China, Europe put markets on edge
LONDON: Stocks got some much-needed support Thursday from unexpectedly high earnings at US banking giant Goldman Sachs despite market jitters over China's economy and huge national debts in Europe.
Investors are worried that the Chinese economy, which is now the key driver for global growth as Europe and the United States are only slowly emerging from the world economic crisis, may be beginning to overheat.
China's economy expanded by 8.7 percent in 2009, new data out on Thursday showed, while the business consultancy PricewaterhouseCoopers (PWC) forecast that China could overtake the US as the world's top economy by 2020.
But China's biggest rise in inflation in 13 months underlined the broader challenges of breakneck growth, and came as the World Bank and International Monetary Fund warned again that the country could face an economic bubble.
"China gets a touch of overheat -- markets across the rest of the world shudder! That is the way of things today in a global economy controlled as much in the East as it is in the West," said analyst Howard Wheeldon at BGC Brokers.
The concern over China is playing out against a backdrop of investor nerves over the global economy, with the IMF and the United Nations this week both warning of a possible "double-dip recession" this year.
Those worries have been heightened in Europe, where several governments are struggling to cope with rising debt levels. Debt troubles in countries like Greece and Portugal have also dragged down the euro against the dollar.
Capital Economics, an economic consultancy, said that "there are still major uncertainties over the likely strength and sustainability of the upturn."
"Meanwhile, those euro-zone economies with a combination of fiscal strains and competitiveness problems face a painful period of adjustment."
There was some good news for the stock markets, however, from the United States where Wall Street juggernaut Goldman Sachs on Thursday reported impressive fourth-quarter and full-year profit despite the downturn.
"European equities are getting a lift from the Goldman Sachs results this afternoon," said David Morrison, an analyst at financial spread-betting firm GFT, adding: "Profits were very strong and well above the consensus estimate."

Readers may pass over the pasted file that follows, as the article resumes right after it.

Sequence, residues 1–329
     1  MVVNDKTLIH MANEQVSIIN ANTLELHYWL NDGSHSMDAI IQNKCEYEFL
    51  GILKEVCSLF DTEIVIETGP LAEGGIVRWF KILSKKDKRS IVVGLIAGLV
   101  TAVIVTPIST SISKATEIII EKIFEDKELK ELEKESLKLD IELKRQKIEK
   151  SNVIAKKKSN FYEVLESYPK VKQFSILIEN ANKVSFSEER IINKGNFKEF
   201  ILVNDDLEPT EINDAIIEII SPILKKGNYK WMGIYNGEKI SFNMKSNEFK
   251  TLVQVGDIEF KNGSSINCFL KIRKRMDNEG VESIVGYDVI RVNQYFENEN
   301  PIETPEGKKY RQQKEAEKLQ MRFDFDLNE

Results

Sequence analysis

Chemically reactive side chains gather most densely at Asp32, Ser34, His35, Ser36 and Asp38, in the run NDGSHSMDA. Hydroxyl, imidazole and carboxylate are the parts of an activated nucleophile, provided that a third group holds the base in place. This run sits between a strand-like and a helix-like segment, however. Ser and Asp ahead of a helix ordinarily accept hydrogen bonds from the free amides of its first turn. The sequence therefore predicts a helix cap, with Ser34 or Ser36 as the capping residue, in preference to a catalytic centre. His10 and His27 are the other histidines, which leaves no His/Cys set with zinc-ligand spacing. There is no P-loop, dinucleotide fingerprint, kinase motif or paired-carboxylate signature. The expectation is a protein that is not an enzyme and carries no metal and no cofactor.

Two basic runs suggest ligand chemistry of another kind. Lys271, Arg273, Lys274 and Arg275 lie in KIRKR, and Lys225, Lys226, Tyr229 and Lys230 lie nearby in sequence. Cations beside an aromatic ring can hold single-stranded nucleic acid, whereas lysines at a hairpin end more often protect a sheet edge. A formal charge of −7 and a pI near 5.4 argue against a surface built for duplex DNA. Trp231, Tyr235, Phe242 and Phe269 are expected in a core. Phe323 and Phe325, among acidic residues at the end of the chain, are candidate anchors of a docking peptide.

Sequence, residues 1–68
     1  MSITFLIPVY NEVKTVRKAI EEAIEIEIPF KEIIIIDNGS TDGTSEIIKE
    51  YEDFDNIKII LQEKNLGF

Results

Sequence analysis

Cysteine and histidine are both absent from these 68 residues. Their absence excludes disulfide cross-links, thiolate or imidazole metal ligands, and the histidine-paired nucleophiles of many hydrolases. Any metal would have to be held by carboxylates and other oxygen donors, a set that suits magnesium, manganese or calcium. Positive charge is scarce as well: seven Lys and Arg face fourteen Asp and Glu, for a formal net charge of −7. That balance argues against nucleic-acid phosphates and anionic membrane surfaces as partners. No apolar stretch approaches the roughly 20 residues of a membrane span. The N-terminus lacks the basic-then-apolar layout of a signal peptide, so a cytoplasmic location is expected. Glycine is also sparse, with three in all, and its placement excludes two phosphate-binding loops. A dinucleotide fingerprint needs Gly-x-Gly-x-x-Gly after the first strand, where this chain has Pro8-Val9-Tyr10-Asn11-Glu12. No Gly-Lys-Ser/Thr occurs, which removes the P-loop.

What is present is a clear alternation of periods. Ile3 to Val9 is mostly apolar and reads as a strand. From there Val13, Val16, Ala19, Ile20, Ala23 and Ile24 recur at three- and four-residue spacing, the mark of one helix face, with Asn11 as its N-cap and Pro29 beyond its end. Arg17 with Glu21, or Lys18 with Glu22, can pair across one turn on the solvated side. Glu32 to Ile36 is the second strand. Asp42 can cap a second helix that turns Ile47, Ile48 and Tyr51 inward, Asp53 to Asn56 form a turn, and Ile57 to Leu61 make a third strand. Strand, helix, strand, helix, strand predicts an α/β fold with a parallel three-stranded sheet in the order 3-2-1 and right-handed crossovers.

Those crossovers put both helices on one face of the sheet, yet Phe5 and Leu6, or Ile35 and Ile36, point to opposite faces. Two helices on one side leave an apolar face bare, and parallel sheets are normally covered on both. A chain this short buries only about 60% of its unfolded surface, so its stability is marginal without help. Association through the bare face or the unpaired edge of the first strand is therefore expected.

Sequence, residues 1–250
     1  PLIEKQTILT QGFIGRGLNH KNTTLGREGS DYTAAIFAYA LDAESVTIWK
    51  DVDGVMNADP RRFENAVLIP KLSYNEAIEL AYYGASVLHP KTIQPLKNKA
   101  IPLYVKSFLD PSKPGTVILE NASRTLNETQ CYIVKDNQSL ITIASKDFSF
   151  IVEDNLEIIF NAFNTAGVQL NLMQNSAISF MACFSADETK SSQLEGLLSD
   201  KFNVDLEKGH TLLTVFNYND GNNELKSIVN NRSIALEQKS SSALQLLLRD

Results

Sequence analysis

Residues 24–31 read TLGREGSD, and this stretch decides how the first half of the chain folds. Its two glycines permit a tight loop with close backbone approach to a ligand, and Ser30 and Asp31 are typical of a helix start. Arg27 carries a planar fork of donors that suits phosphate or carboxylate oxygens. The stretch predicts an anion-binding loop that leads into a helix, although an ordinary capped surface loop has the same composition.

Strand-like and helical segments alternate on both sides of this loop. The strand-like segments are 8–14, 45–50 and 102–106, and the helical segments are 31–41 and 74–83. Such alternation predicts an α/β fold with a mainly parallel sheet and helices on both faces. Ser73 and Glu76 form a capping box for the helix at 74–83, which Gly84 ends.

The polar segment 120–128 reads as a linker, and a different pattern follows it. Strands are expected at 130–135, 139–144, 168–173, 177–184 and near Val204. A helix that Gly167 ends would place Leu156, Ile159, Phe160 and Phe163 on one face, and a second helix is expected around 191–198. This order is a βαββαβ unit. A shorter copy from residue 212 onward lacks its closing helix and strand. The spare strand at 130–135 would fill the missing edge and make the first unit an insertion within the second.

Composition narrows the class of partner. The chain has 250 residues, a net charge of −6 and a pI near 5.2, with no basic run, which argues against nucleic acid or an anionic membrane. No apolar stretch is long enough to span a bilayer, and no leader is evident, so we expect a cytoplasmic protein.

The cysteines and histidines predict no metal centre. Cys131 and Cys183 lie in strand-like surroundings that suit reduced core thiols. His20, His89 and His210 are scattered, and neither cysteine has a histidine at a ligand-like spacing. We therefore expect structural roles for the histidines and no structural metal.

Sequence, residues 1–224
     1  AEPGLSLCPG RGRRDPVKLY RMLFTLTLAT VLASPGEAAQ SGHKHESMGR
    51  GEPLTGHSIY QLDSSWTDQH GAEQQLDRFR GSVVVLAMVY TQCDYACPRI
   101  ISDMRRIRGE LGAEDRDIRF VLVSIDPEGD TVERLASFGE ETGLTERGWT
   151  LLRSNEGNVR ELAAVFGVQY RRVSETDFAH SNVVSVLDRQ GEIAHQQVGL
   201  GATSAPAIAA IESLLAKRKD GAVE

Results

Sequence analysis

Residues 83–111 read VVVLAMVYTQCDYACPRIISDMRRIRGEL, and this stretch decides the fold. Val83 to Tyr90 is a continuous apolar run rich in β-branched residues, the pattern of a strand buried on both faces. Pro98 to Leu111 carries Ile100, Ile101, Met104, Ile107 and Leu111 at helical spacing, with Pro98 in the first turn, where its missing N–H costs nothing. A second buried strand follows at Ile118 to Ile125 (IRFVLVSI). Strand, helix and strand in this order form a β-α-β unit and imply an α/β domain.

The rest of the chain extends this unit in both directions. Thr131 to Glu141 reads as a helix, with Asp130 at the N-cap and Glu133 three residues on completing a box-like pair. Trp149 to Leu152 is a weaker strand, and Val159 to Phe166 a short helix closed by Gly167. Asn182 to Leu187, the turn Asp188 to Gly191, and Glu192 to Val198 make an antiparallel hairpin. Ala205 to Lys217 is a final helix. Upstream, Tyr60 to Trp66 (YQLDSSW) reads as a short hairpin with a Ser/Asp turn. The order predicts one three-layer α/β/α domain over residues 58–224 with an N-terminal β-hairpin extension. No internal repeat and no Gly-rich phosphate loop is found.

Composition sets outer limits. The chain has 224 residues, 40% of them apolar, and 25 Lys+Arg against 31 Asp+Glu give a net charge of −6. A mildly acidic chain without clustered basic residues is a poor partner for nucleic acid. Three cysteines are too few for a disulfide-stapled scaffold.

But he warned: "Gains may be tempered however until after investors have heard what the president has to say about investment bank regulation today," referring to a planned announcement by US President Barack Obama.
Wall Street stocks suffered their biggest drop for the year on Wednesday following news that China was planning to rein in credit after explosive growth last year. In Europe, bourses in Paris and Frankfurt lost 2.0 percent in value.
European markets were sluggish on Thursday but avoided the sharp falls of the previous day.
London's benchmark FTSE 100 inched down 0.09 percent in afternoon trading, Frankfurt's DAX gained 0.37 percent and the CAC 40 in Paris fell 0.67 percent.
The Tokyo Stock Exchange's benchmark Nikkei-225 index closed up 1.22 percent on Thursday, shrugging off the negative lead from Wall Street as foreign investors bought heavyweight companies such as Toyota and Sony.
"Faster-than-expected Chinese growth has heightened fears that the People's Bank of China may hike interest rates this quarter," said analyst Jane Foley at online trading site Forex.com.
"This may not yet be a consensus view but the rise in tightening fears was sufficient to push most Asian stock indices lower, which led to a flurry of dollar buying."
The euro fell amid worries about China and the fiscal crises in Europe.
The euro was changing hands at 1.4093 dollars in afternoon trading in London, compared to 1.4103 late in New York on Wednesday. The euro had hit a five-month low against the dollar on Wednesday.
The IMF warned Portugal on Wednesday of the "critical" importance of getting its public finances amid existing concerns over Greece's own massive debt troubles.
"As soon as markets had digested the situation in Greece it's now Portugal's turn," said Commerzbank analyst Antje Praefcke, adding that the IMF report put "additional pressure" on the euro.